Yesterday's April Fools joke about the SEC and ACC trading schools (no offense intended, Kentucky and Vanderbilt) was pretty transparent, but hey, at least we didn't go all OMG Ponies!!! around here. You're welcome, America.
Anyway, it brings up the topic of conference realignment. From the demise of the SWC to the various permutations of the WAC to the ACC's raid on the Big East, conferences have been in a state of flux for the past twenty years.
For now though, it appears to me that things are pretty much stable. The Sun Belt will be absorbing teams as they come up to Div. I-A/ the FBS (WKU this season, South Alabama in the near future), but otherwise, I think we're set for now.
As the MAC has shown, going above 12 teams is not a great idea. The Big Ten almost certainly won't add anyone except Notre Dame, and that's not likely to happen soon. The Big East is stuck where it is because it can't take on more basketball teams. The Pac-10 won't be adding anyone soon because it doesn't believe any of the best sports schools out west are academically up to its standards.
That pretty much leaves the MWC and WAC as the only potentially combustible conferences, and I think a lot of people could imagine the former making a run at adding the latter's better schools like Boise State. Things are still cyclical though, and it wouldn't take much for the WAC to overtake the MWC in power with teams like Boise, Fresno State, and Hawaii taking the lead.
So if we're stuck in neutral in conventional terms, what could possibly shake things up?
One possibility is the Super Conference idea, alluded to by commenter ejruiz on yesterday's story and fleshed out by the Orlando Sentinel's Tim Stephens. The idea is that the current conference system gets blown up, the best teams join together in 16-team superconferences, and we essentially have FBS-A and FBS-AA divisions above the current FCS.
As you might gather from everything up to this point, I don't see that happening. The WAC tried having a 16 team conference and it turned out to be untenable. The Big East is making it work in basketball for now, but that expansion happened more out of necessity than choice.
I have a vague, general feeling that the escalating financial war in college football will eventually necessitate another divisional split like what happened in the '70s when we got I-A and I-AA. It's sort of like my belief that eventually TV will be entirely delivered via the internet over FTTH: it's happening eventually, I just have no idea when.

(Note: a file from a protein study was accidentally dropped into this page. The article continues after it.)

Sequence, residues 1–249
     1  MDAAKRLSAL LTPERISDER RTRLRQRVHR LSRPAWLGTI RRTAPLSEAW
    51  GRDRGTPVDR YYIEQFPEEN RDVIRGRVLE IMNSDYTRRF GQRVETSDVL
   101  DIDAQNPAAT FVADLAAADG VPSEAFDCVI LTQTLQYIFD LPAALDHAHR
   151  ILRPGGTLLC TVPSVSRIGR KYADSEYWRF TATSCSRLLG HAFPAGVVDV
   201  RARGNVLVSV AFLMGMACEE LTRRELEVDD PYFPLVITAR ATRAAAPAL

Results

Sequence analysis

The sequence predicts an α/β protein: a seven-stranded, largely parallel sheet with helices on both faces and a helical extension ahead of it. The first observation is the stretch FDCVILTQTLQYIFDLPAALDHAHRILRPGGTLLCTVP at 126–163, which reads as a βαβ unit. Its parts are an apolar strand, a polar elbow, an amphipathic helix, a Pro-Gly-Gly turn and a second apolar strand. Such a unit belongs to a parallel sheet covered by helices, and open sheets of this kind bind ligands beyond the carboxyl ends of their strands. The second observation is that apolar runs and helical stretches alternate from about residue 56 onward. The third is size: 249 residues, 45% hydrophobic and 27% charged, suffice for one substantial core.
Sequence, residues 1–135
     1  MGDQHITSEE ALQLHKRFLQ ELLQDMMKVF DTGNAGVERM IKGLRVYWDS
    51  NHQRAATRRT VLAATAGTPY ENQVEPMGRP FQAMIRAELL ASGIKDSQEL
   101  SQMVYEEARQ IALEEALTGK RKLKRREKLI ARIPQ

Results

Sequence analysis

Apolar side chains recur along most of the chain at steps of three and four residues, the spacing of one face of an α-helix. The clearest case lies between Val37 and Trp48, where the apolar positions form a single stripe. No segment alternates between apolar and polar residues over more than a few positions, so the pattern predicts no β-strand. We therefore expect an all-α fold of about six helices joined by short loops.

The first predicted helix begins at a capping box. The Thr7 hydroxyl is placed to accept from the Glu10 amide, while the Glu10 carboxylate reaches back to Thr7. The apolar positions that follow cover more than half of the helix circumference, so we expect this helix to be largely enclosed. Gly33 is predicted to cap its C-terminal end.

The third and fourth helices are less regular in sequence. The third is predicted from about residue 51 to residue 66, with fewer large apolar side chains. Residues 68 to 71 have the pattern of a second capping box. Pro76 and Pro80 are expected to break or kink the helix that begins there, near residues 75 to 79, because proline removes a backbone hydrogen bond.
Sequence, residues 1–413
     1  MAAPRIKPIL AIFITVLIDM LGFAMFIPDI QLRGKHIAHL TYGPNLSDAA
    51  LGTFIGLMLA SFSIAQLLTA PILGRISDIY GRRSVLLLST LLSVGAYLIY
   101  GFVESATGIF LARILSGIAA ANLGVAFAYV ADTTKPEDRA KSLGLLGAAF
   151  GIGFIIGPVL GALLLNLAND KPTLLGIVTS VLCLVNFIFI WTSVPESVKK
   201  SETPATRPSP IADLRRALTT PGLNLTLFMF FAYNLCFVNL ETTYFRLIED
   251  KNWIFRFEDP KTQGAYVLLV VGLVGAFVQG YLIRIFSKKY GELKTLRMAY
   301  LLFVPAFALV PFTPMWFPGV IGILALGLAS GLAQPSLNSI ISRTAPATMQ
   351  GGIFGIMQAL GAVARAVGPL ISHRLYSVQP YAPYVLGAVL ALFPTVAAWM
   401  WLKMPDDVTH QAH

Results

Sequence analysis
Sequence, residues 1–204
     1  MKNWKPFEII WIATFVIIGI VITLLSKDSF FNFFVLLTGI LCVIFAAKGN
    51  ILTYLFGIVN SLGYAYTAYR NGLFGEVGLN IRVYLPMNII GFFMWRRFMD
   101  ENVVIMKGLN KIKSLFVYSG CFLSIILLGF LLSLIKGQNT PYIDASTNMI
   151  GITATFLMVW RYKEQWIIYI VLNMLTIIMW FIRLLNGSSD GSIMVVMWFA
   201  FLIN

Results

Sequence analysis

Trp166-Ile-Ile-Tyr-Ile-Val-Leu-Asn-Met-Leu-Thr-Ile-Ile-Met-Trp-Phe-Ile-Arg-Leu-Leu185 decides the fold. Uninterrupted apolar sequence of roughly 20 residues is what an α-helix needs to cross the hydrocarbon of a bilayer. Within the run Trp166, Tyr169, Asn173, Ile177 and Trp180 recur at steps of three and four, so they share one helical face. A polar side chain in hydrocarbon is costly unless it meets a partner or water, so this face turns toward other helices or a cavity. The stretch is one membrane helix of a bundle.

If/when such a scenario takes place, I think it would involve Notre Dame being forced into the Big Ten and the Pac-10 taking on two more schools (Utah, BYU, and Boise State are the likely candidates). The rest would be cordoned off into another, lower division. Six conferences of 12 teams apiece seems more plausible to me than 16-team conferences, but don't ask me to pick between those three Pac-10 candidates. Maybe the Big 12 can demote Baylor or Iowa State and pick up one of them.
The 12-team conference is the cornerstone of the other conference expansion possibility: an FBS with 10 uniform 12-team leagues. Inevitably several people a year make their guesses known (for example), and they all end up somewhat different.
These schemes are almost exclusively thought up for the purpose of greasing the skids to a playoff. Having all conferences have the same number of teams and the same method for deciding a champion makes a national playoff a lot easier after all.
I personally believe that a playoff is basically inevitable in the same sort of way I believe in the internet being the future of TV. I think it will happen via an evolutionary path like how we got from the old bowl system to the BCS. I don't think it's going to happen in one fell swoop in one of these conference realignment schemes (or by lawsuits or acts of Congress for that matter).
It may make logical sense to make the 10/12 scheme happen, but college football doesn't work by standard logic.
Outside of the standard Notre Dame-to-the-Big Ten and add-two-to-the-Pac-10 moves, you'd need full scale changes involving coordinated swapping of teams among the MAC, WAC, MWC, and CUSA (and maybe even the Sun Belt).
That's an awful lot to ask. You also have the problem of adding four teams to the Big East, which would then have 19 basketball teams (because Notre Dame is now in the Big Ten, remember). The fact that there are more sports than just football make pretty much all of these ideas explode in the hangar.
Whatever happens in the future, I'm pretty certain that the SEC is going to remain the same. When it expanded to 12 teams in 1991, it achieved a balance and a configuration that quite simply works.
Adding another power school is unlikely since the ACC seems pretty happy with itself and the Big East can't afford to lose any more football teams. I don't forsee any other schools within the conference's current footprint growing into SEC-level status (sorry, UCF).
Unless Baylor gets booted from the Big 12 and Arkansas replaces it, nothing is going to happen to the SEC's configuration. It's been stable (only the Pac-10's current lineup is older) and highly successful.